German DJ-producer Phon.o – along with his peers Apparat, Modeselektor, Shitkatapult, and Pfadfinderei – spun together during the peak of Berlin’s nightlife scene. In his own words as paraphrased by us, it was a time when everything was anarchistic; sounds ranging from IDM, techno, clicks and cuts, electronic hip hop, breaks, pop and vocals intermingled without making anyone stop dancing. Recent release Black Boulder showcased how that period had influenced Phon.o’s music. JUICE, ever curious about nightlife, spoke to the man to find some insight into Berlin’s scene and the nature of genre names.
What’s good Carsten, whatchu up to at the moment?
I am doing a bunch of shows in Europe at the moment and start working on a new album next week. But the most exciting thing is looking forward to the Asian tour in April.
Being from Germany, you dabbled in a lot of techno-based genres in the past. How did the transition to the more step-oriented sound happen?
I was always interested in different styles of music and in combining them. For sure there is this huge influence of techno from the ‘90s I grew up with. But I love to explore new genres, grooves and sounds and combine them with my background. I always try to keep it interesting for myself and, I guess, this is the main reason for exploring new fields of music.
We noticed that DJ-producers who make atmospheric records don’t necessarily play that kind of music when spinning. Is it the same with you? If so why?
It really depends on the night and crowd and also on the amount of time I have for my set. If I have 3 hours I am able to go through a huge variety of styles and tempos. If I just get a short slot, I use more songs which have this mixture to create a certain atmosphere and flow. In the end, I never stick to just one style of music in my sets, because I would get bored by it and I also wanna surprise the audience.
You’ve described Black Boulder as an album that you’d play at a club but also to listen to at home. How do you balance between making a tune that is apt in a dingy club environment yet still act as headphone music?
I tried to reach that by using warm sounds and I also tried to avoid to over compress and over-limit the mixdown. So in the end the sound is not so aggressive and is easier to listen to. I also tried to arrange real songs and not just tracks. I used melodies or harmonic phrases in nearly every song, which create a deeper and more interesting structure in my eyes. I didn’t want to just make very repetitive tracks without any soul. Especially not for an album.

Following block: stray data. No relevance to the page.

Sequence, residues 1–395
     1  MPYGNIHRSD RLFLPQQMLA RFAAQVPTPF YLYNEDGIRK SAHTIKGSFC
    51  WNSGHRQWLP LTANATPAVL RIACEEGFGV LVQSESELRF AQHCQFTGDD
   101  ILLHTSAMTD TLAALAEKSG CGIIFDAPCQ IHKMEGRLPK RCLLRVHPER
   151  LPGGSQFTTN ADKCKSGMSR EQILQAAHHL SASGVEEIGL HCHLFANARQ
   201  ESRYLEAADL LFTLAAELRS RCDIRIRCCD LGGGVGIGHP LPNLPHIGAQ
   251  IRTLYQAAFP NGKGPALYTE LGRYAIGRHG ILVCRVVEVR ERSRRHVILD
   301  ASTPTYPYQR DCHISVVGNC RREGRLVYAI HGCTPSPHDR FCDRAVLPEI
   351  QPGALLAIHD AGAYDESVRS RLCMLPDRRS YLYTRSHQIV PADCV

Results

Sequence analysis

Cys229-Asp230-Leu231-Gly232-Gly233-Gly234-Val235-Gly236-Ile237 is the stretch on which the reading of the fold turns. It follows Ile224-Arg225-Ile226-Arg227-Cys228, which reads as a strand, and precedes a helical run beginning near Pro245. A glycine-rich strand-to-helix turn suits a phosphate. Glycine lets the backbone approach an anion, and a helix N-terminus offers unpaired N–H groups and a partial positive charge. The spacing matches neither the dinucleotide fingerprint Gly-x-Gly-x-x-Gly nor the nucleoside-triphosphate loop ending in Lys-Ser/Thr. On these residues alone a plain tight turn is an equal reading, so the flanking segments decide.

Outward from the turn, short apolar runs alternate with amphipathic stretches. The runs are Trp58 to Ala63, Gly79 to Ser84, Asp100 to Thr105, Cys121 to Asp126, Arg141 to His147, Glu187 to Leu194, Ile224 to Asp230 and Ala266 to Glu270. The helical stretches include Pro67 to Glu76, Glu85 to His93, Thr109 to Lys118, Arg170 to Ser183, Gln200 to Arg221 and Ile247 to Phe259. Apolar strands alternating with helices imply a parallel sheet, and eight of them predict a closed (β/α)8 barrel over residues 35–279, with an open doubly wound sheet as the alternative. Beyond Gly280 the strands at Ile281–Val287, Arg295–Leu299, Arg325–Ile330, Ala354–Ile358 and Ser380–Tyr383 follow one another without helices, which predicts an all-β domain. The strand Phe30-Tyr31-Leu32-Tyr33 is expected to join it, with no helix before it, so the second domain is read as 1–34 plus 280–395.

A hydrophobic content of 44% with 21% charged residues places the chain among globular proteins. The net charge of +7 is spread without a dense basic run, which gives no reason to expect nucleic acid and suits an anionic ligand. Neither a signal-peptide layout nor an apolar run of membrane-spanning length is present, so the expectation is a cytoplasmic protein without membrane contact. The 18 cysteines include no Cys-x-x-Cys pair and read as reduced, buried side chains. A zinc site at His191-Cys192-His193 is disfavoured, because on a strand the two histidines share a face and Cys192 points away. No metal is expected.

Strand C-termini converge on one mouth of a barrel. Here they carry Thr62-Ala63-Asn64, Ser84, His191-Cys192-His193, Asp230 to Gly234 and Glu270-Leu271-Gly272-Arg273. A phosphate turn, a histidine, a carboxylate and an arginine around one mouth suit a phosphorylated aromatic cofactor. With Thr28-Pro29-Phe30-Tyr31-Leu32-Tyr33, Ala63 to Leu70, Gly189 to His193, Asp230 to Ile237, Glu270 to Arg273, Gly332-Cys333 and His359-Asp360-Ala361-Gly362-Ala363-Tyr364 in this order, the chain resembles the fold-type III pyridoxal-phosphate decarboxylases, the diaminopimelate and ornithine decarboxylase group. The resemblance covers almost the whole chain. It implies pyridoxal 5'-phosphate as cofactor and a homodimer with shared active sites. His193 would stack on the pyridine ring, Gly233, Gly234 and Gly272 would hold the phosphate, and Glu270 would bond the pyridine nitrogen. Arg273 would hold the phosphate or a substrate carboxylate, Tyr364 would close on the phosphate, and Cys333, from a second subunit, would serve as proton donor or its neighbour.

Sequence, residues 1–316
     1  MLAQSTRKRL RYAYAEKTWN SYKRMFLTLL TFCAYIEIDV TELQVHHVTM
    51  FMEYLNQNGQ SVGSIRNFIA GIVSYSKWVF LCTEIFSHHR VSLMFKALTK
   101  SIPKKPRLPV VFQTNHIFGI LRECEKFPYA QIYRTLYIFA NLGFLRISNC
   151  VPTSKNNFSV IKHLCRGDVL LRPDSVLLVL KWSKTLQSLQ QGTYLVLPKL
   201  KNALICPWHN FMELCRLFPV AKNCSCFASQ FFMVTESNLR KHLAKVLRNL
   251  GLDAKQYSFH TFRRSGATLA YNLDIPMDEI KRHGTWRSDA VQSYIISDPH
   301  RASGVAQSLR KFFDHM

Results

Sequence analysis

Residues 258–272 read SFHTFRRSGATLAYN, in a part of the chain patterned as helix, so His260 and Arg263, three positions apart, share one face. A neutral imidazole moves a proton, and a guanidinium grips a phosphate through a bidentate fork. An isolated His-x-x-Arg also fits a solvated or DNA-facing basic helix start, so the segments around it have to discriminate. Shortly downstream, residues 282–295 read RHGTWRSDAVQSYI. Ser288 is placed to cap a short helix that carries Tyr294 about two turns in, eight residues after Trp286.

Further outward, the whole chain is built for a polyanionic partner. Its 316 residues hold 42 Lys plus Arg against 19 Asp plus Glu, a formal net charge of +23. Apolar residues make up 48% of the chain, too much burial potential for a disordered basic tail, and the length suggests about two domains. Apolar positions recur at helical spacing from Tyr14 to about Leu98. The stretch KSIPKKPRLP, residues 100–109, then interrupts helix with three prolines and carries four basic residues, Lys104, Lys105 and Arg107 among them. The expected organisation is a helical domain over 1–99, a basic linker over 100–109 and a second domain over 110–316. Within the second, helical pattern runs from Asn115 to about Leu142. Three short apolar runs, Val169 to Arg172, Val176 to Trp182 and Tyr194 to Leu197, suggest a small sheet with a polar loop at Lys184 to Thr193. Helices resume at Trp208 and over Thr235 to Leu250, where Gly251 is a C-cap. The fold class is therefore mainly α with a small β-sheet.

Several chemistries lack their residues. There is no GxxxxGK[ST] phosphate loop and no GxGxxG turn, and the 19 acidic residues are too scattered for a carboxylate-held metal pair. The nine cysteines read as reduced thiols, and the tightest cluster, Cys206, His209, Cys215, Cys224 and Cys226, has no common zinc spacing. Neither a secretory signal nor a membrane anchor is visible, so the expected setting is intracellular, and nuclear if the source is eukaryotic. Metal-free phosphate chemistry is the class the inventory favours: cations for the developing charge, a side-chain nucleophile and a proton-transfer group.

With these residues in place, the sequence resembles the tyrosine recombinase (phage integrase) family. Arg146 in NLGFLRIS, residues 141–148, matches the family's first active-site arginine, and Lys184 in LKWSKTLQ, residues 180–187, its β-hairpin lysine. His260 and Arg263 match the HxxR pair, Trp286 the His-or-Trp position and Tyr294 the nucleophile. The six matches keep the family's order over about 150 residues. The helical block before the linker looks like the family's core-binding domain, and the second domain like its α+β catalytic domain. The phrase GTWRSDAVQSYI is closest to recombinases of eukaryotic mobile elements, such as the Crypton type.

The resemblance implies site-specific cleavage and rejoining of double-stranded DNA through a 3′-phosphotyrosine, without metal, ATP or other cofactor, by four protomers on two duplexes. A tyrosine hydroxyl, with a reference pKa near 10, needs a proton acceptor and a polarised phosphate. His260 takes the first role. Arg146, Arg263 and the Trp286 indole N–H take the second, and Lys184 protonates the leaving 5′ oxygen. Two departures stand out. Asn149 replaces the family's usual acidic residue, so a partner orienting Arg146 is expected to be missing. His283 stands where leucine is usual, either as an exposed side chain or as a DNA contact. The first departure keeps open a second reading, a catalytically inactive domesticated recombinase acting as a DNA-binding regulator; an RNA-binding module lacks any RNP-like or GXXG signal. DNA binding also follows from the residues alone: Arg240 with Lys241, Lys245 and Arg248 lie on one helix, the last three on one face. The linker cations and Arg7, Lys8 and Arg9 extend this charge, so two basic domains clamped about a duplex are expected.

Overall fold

You were a graphic designer and went to art school. How much of your artistic inclination translated into your music? Black Boulder sounds quite conceptual…
I am still doing graphic design on the side. It frees me to take risks when it comes to my music because I don’t depend on it to live.
There is definitely an influence from my university background and graphic design jobs when I am doing music, because somehow I “see” a song, especially the dramaturgy of a song is influenced – in an abstract way – by this classical design rules I learned. And while working on an album, I’d compare it to a book I would design. I have to write the chapters (in this case, songs) and compose it to the right order to create an interesting dramaturgy.
You’ve stated that with Black Boulder, you try to make tracks that could work without vocals. You do have a few tracks with guest vocalists though, are you very selective when you do choose to have ‘em? How so?
That’s true. I tried to use vocals just in an abstract way and I decided to have just 2 songs with real vocalists to place some special peaks in the dramaturgy of the album. I don’t like it if you got an over-input of words in an album. Choosing the right vocalist followed more or less 3 important points. First, I chose them from the sound of their voice and second from their attitude or better their way of dealing with a song. And third reason was, that I knew these guys and that they are friends of mine. I wanted to have like a private intimate atmosphere while working. I have to trust them as a people and as artistes.